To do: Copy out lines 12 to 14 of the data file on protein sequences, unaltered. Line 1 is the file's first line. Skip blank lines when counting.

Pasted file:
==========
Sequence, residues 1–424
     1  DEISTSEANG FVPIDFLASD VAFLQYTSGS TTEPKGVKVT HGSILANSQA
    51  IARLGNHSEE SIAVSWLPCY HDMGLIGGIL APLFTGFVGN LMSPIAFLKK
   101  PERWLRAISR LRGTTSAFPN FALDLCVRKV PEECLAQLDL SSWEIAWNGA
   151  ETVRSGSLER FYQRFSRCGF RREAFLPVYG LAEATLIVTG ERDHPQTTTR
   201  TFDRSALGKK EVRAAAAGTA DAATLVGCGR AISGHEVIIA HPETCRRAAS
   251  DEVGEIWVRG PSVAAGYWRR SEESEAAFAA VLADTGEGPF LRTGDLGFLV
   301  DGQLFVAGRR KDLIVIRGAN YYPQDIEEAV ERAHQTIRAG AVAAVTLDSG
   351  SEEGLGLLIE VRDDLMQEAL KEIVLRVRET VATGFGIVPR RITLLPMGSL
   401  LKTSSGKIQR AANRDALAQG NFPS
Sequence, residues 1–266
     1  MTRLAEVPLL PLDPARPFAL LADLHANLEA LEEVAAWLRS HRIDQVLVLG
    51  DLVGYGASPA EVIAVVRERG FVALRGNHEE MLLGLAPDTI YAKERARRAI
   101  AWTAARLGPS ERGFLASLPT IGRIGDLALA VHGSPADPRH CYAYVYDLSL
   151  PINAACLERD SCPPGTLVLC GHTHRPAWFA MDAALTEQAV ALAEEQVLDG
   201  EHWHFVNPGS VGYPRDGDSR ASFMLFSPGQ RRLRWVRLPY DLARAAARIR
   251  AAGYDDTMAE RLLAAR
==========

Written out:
     1  MTRLAEVPLL PLDPARPFAL LADLHANLEA LEEVAAWLRS HRIDQVLVLG
    51  DLVGYGASPA EVIAVVRERG FVALRGNHEE MLLGLAPDTI YAKERARRAI
   101  AWTAARLGPS ERGFLASLPT IGRIGDLALA VHGSPADPRH CYAYVYDLSL